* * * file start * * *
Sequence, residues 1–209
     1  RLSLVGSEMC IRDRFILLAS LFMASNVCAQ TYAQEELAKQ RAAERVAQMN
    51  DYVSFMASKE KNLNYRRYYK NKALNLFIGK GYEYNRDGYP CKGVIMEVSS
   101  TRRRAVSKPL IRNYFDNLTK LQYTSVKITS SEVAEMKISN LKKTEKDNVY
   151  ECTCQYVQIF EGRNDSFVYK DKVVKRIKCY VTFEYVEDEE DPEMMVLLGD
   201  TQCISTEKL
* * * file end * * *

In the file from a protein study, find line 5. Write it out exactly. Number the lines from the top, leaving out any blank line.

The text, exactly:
   151  ECTCQYVQIF EGRNDSFVYK DKVVKRIKCY VTFEYVEDEE DPEMMVLLGD